“Seizing the Opportunity” is a discussion with second unit director Patrick Read Johnson. Whereas the earlier interviews discuss Dead Heat in-depth, “Seizing the Opportunity” is a brief snippet from a separate, lengthier interview with Patrick Read Johnson. The snippet on the disc has Johnson discuss how he came to Hollywood, worked his way up, and directing the butcher chop scene in Dead Heat. It’s brief but informative.

“How to Edit for an Editor” finds Harvey Rosenstock discussing his time on set and working hand-in-hand with Mark Goldblatt. Rosenstock briefly touches upon his influences in editing before diving deep into his work on Dead Heat. There are hints at friction as Rosenstock details the challenges of working with Goldblatt, who began his career as an editor. Rosenstock talks about how two editing creatives on one project led to minor disagreements and the resulting film, in his words, being co-edited by himself and Goldblatt. Coming out of the film, Rosenstock speaks highly about his time on the film’s production and explains that working with Goldblatt offered plenty of filmmaking experience.

Composer Ernest Troost is the focal point of the audio-only interview, “Happy Accidents Happen.” Troost discusses his approach to the film’s score, influences, and snippets from the Dead Heat score and other films that impacted Troost. It’s short and sweet with little nuggets of details over its scant runtime.

“Dead and Alive” is an archival interview from Red Shirt Pictures and 88 Films with makeup effects creator Steve Johnson. Johnson runs through the makeup scenes for Dead Heat, creating a life cast of Vincent Price, why he’s a vegetarian, and influences. Johnson does make jokes at the film’s expense in jest but has a fondness for his and his team’s work on the movie.

Vinegar Syndrome includes a handful of VHS-quality deleted scenes. The lifted scenes play on a reel and offer more makeup scenes and fleshed-out (pun intended) character moments, most notably, the infamous “Deathday sequence.” While it is welcome to see the characters getting more depth, especially Treat Williams’ Roger Mortis, most of the scenes would have slowed the film’s pacing, and removing them proves to be the correct choice.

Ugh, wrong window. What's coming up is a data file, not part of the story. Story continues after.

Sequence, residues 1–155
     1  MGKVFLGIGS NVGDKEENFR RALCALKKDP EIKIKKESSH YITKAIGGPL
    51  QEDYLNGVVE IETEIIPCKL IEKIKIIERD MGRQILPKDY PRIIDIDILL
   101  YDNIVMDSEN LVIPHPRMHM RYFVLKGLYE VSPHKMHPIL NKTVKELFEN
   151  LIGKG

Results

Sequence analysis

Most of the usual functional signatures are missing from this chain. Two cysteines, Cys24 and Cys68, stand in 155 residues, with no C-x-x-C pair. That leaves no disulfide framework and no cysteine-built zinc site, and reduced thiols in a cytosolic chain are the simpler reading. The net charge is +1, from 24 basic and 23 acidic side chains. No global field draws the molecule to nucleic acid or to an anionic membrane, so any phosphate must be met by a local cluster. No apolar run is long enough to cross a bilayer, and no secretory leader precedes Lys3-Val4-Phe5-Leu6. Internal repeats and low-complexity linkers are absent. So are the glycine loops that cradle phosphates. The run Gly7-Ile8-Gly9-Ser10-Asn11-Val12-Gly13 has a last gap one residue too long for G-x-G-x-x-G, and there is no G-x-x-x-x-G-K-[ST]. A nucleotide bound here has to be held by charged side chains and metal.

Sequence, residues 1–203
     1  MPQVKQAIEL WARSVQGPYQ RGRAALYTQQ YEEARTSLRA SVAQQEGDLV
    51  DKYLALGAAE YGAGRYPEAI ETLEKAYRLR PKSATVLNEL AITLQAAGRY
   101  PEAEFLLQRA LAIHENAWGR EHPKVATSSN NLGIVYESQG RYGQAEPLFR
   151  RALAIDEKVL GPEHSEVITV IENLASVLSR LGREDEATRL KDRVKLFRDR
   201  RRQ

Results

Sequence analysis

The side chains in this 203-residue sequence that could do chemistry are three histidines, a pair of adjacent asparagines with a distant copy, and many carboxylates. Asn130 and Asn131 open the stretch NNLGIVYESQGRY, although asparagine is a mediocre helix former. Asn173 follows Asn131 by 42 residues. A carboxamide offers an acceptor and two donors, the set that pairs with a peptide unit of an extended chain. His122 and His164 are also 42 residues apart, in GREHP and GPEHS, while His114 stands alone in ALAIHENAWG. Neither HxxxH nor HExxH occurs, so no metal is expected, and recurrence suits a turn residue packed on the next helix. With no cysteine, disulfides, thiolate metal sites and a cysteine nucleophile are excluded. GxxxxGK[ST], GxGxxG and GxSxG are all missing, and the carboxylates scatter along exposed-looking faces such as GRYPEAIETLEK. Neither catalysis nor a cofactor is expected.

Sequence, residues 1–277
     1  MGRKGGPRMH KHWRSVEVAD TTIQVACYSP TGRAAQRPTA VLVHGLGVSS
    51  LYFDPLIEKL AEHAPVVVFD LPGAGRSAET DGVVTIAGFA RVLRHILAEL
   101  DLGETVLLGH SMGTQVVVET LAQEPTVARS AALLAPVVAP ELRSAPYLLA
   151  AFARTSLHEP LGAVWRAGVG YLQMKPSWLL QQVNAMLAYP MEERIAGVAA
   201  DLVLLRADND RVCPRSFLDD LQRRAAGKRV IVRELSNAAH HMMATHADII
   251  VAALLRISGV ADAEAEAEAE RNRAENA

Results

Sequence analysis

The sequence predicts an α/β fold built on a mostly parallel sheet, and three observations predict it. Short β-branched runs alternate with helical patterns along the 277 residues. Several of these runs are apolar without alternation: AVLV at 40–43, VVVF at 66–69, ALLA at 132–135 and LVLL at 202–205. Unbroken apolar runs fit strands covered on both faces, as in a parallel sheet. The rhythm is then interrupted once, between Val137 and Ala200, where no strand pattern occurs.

For the film’s marketing materials, Vinegar Syndrome includes the film’s theatrical trailer and a television spot. An archival EPK featurette comes with the disc featuring on-camera comments from Treat Williams, Joe Piscopo, and Darren McGavin. While a non-essential feature, this is the only glimpse of behind-the-scenes shots and words from the actors. Vinegar Syndrome also provides a MIFED promotional piece, similar to a trailer or sizzle reel. Rounding out the disc is a stills gallery that consists of images from the finished film and promotional shots.A woman whose face is decomposing

And there you have it! Multiple times, those on the disc mention that you either love or hate Dead Heat. I’m the exception—there’s stuff I like and a bunch I don’t. While revisiting the Vinegar Syndrome 4K didn’t change my opinion of the film, there’s a lot to love with the supplemental material. The disc comes packed to the gills with new and archived features. If there’s a nitpick, there is a substantial lack of participation from the film’s main leads. Minor quibbles aside, one couldn’t ask for much more, and if you’re a fan of Dead Heat, there’s plenty on this disc to savor!

Written by Robert Chipman

Robert is a lifelong cinephile and has had an admiration with film for as long as he can remember. When he's not checking out the most recent theatrical release, viewing a movie on one of a 1,000,000,000 streaming services or picking up the latest physical media disc, he's trying and failing to make it in Hollywood as a screenwriter. He also has a weird fascination with Stephen Dorff. Make of that what you will. ¯\_(ツ)_/¯